A global summit to address climate change wrapped up in Peru last week. After 36 hours of negotiation, a draft of the Lima Accords was presented--a plan which will change how countries deal with carbon emissions. Wake Forest professor Justin Catanoso is a regular WFDD contributor and attended the UN Climate talks.
Catanoso reported that there was momentum and optimism ahead of the summit. He says that still remains today, with the Lima Accords, which is the first deal committing every country in the world to reducing their fossil fuel emissions.
"This represents a significant breakthrough in a twenty-year effort by the UN to come up with some international accord to reduce greenhouse gas emissions," says Catanoso.
But he adds that the strength of the accords is also its weakness. Each nation will set its own reduction levels and they likely won't be held accountable by any governing body to guide that decision.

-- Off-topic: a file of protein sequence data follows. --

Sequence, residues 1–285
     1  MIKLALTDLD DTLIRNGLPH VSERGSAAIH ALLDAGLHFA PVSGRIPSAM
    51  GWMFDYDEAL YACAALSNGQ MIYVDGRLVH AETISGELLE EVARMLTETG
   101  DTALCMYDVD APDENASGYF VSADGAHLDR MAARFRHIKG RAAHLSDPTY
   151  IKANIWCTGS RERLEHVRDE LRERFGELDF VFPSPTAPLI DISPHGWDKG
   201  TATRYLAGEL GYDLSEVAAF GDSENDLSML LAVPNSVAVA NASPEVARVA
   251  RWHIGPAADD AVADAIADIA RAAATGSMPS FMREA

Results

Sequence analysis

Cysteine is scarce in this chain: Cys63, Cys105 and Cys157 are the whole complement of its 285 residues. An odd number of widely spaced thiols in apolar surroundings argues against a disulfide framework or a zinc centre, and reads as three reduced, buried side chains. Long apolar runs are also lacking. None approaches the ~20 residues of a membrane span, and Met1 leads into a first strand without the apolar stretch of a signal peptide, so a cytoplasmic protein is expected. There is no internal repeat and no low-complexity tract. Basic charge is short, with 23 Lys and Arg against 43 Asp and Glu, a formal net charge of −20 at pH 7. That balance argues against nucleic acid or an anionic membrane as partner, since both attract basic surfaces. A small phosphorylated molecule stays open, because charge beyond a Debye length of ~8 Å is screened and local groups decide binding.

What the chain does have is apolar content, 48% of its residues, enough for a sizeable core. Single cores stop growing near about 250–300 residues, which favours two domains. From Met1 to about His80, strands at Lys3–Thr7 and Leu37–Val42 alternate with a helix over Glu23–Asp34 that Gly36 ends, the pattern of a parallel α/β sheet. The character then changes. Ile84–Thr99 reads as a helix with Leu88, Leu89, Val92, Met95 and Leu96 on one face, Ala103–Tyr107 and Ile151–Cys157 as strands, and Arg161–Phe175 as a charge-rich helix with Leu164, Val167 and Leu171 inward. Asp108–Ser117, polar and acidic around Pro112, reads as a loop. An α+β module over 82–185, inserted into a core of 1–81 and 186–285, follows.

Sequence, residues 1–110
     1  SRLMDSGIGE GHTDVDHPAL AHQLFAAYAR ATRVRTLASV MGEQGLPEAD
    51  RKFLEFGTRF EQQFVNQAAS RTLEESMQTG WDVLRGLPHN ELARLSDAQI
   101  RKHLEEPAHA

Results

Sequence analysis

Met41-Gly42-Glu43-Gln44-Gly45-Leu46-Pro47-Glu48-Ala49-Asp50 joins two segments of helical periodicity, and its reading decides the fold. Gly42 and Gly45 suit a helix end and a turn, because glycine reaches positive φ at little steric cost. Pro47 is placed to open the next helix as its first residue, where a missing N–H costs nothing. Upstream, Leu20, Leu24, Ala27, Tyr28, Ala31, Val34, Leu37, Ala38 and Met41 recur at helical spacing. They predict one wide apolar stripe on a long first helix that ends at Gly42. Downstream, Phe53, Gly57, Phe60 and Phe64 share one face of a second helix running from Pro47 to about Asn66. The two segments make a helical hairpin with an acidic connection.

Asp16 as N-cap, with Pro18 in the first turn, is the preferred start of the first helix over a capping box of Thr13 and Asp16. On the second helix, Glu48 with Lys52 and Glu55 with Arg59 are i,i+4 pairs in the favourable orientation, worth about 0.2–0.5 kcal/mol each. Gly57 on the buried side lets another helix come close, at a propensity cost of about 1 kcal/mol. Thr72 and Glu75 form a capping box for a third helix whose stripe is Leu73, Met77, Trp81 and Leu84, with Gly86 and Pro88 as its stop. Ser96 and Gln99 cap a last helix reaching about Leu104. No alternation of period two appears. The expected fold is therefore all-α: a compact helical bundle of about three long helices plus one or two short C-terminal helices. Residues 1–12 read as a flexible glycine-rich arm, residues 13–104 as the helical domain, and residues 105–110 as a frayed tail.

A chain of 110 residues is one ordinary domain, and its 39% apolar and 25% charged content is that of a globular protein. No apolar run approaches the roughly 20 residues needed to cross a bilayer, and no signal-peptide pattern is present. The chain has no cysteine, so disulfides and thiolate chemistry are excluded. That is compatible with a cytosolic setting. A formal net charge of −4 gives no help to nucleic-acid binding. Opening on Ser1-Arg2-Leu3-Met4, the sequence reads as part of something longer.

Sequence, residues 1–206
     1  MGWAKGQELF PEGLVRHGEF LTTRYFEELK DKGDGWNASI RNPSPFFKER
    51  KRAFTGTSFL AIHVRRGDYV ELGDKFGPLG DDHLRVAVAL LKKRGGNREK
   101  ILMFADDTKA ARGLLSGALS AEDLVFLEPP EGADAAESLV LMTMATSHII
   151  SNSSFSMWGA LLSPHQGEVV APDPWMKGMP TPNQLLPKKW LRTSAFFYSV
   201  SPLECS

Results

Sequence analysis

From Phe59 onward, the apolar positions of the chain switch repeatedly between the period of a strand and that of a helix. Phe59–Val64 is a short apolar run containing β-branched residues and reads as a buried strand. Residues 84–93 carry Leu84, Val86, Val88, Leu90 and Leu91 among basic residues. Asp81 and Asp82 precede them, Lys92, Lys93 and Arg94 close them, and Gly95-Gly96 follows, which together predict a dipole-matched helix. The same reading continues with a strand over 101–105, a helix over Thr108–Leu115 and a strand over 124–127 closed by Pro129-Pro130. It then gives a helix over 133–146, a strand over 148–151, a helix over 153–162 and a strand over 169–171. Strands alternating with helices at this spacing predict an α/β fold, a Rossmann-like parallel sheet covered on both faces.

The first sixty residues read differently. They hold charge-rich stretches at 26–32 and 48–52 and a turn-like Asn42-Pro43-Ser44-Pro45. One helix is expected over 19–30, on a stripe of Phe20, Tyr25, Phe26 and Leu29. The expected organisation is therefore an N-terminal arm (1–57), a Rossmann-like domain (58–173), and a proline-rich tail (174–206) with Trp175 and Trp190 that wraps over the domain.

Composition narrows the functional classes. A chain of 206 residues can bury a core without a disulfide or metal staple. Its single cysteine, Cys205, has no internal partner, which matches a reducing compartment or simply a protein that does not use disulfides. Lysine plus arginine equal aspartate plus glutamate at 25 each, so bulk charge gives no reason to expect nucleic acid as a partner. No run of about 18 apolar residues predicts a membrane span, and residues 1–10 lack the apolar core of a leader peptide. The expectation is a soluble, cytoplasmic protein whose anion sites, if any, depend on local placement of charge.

"If we don't have that mandated amount, then we may not be able to keep global warming under three and a half degrees fahrenheit in the next 50-75 years," says Catanoso. "That's the point in which scientists say if we get warmer than that, things really spin out of control. The planet becomes increasingly uninhabitable."
Every country has six months to report their intended cuts to the UN which would begin in 2020. It's in advance of a meeting in Paris next year, where they will possibly sign binding agreements to cement greenhouse gas reductions.